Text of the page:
Starring : Ethan Peck, India Eisley, Natalie Hall and Bruce Davison
You know when you see a film advertised that would be perfect for the low budget TV station ‘The Horror Channel’ in the UK but it has somehow found its way onto Netflix? That’s what you have with ‘The Curse of Sleeping Beauty”.
Even just looking at the Netflix image I get the feeling that this is going to be a horrible film. I could be completely wrong, but it basically just looks like a gothic version of the “Sleeping Beauty” fairy tale, but done with very little skill or affection. It does look visually distinctive, but it takes more than just looking ok to actually be a good film, and I get a feeling that in several hundred words, when I start the summary section, I won’t be overwhelmed by a great film.
I hope I’m wrong, but I doubt I will be.
Thomas (Peck) has been having a recurring dream in which he sees a beautiful woman (Eisley) sleeping, but he wakes before he can kiss her. One day he gets notified that an unknown uncle has died and left him a large house, using the word ‘curse’ several times in the process. The letter urges him to never go into the basement, but Thomas has very little intention of keeping the house and gets it valued.
Soon after first entering the house he dreams of the woman again, but this time he is able to kiss and wake her. She says that she is somewhere in the house and needs to be awoken in the real world so that they can be together. Thomas finds himself no longer able to stay away from the house for a few days without getting deathly ill, but he can’t stay there for long as an evil spirit has now awoken.
So is this destined for “The Horror Channel”?
I have little doubts that this will end up on that channel as it is without doubt their type of horror film. Don’t get me wrong, I love “The Horror Channel” but there is little doubt that the majority of the films on there aren’t that good, so “The Curse of Sleeping Beauty” suits that perfectly. I am genuinely surprised that Netflix picked this is up.
The main problem with “The Curse of Sleeping Beauty” is that is completely lifeless and has precisely zero charisma. It’s just kind of there. Ethan Peck is a poor leading man and whilst India Eisley definitely has the look, especially in the final few scenes, her acting leaves a lot to be desired. I love that the film actually tries to look great, such as actually using camera podiums and tripods (therefore avoiding the problems of on the shoulder cameras shaking all over the place), and the lighting is actually great, but no-one that appears on screen will come out of this movie with any kind of positive credit.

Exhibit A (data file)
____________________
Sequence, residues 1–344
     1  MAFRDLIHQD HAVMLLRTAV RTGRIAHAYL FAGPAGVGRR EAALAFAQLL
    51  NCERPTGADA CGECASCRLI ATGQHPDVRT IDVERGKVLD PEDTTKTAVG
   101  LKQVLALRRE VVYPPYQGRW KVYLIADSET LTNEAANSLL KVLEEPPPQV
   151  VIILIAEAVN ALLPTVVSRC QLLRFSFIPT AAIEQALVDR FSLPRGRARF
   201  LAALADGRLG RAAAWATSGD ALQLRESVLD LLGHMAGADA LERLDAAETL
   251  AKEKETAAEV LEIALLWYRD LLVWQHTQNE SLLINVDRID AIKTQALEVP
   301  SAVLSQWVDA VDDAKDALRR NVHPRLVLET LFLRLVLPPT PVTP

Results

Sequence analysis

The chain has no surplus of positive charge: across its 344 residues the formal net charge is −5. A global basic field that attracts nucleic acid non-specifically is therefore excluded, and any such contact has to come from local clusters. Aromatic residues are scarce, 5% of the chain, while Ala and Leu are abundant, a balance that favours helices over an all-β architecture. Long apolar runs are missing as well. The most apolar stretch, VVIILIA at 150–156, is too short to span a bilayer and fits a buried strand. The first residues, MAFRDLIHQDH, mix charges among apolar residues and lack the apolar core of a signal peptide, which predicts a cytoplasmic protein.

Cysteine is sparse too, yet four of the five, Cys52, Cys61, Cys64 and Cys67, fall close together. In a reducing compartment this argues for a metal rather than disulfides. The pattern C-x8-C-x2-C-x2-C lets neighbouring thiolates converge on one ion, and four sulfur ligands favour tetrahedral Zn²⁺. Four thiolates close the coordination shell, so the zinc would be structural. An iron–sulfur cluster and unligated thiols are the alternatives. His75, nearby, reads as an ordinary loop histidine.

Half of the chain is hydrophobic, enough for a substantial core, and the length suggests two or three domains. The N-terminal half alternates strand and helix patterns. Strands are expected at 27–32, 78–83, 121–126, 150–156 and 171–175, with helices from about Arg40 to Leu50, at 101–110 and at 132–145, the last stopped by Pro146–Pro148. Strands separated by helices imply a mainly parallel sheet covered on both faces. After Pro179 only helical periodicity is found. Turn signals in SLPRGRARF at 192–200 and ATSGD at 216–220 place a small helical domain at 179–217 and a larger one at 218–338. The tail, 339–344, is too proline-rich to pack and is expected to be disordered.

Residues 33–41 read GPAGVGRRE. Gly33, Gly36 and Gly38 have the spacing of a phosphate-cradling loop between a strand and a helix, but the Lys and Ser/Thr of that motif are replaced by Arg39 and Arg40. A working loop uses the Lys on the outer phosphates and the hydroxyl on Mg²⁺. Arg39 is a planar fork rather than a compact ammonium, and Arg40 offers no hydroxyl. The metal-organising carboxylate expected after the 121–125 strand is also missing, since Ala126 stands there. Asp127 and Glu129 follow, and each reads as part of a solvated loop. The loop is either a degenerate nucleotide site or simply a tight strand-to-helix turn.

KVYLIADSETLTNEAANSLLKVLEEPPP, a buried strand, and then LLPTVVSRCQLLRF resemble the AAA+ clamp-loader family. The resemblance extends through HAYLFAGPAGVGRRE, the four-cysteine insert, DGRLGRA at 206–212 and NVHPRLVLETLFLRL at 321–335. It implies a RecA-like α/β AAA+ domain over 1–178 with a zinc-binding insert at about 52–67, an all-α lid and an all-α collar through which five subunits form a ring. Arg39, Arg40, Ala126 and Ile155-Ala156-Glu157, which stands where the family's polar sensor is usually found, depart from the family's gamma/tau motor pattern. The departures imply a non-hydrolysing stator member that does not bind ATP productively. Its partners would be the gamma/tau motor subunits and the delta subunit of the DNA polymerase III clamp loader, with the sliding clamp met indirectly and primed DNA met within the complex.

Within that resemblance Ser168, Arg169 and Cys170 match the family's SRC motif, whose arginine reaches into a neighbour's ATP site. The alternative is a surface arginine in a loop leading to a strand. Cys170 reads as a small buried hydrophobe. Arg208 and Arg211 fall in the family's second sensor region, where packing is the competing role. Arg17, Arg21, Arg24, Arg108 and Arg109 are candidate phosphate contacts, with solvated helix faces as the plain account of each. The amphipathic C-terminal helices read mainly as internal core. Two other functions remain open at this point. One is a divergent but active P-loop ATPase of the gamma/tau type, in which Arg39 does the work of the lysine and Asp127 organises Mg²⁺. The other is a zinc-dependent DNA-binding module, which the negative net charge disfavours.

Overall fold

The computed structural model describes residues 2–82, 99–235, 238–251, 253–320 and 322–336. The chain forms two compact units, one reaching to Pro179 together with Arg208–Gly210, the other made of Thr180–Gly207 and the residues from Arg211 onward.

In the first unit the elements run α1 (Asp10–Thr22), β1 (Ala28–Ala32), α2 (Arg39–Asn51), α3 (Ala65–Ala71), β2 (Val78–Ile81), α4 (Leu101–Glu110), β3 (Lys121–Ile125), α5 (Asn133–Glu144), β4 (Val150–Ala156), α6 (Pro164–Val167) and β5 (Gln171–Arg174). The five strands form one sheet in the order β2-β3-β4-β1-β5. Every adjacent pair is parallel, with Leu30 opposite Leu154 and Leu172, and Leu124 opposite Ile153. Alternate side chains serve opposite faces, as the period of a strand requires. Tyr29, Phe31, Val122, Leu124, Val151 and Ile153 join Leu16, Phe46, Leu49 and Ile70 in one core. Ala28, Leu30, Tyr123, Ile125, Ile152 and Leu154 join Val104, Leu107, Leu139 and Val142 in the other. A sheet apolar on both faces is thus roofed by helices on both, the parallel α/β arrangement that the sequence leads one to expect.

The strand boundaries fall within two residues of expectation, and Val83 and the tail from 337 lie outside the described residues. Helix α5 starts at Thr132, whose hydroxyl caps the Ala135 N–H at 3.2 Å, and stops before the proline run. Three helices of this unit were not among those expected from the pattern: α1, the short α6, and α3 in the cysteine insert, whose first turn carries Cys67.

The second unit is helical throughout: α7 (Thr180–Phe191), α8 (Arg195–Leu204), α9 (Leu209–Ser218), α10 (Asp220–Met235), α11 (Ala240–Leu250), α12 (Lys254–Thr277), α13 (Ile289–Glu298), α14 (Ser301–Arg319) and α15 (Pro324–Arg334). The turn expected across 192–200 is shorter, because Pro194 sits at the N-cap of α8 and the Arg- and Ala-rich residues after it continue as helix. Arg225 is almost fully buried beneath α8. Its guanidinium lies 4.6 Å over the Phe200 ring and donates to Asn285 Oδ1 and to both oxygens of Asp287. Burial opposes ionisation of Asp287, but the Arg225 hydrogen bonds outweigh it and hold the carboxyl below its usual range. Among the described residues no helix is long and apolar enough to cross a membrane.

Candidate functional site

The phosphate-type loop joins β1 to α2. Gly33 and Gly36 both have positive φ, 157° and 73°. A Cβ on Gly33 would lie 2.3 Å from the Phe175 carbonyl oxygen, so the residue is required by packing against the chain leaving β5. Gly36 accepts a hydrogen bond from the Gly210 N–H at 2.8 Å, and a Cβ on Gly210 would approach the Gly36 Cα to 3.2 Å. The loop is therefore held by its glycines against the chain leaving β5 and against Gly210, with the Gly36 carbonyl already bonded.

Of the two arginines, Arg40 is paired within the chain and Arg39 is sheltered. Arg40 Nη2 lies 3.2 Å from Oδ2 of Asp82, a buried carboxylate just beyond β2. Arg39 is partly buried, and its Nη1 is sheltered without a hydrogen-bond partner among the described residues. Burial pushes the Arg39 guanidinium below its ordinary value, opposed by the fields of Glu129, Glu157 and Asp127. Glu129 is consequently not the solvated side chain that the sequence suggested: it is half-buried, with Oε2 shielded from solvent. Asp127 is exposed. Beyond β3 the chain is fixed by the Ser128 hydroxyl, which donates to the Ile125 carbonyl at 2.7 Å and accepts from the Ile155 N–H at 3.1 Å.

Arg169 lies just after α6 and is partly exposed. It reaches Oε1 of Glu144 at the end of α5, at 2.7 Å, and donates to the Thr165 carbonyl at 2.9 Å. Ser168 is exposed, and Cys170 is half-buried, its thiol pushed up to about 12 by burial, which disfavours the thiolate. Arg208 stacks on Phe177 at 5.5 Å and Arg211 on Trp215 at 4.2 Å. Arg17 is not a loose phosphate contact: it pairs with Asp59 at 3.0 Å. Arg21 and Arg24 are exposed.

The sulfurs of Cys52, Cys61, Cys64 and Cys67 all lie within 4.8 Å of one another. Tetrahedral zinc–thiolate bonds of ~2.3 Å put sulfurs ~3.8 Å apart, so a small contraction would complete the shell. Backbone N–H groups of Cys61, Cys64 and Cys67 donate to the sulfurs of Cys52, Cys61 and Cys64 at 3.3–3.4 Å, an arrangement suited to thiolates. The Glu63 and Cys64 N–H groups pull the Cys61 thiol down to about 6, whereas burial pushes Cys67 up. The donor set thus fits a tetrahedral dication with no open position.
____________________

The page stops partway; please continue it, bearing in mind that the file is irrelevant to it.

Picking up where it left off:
There is very little to keep you interested in the film, and nothing sums that up better than the fact that after about fifty of the eighty-six minute run time, I was able to leave my house and go to the shops to buy a drink. There was no urge to see the film all of the way through, and one of the reasons for this was that not only is the story told in a boring way, it is exceptionally predictable. I was able to call the ending from near enough the beginning of the movie, and not just the obvious part of him finding her in the real world.
I really don’t know what more I can say about this film. It’s far from the worst film that I have ever watched, and it’s certainly not anywhere near as bad as a lot of the films that I have reviewed for this site, but that’s the only praise that I can really give it.
Poor-acted snorefest that looks great, but has very little else going for it.
The cast is full of people who probably have a history of modelling, but have no acting skill to back up their looks. That sums up the film really. Visually decent but with nothing to back it up. It’s filled with jump-scares and predictable plot points that make it more tedious to watch. Even at a mercifully short eighty-six minutes, “The Curse of Sleeping Beauty” definitely drags.
Just don’t waste your time.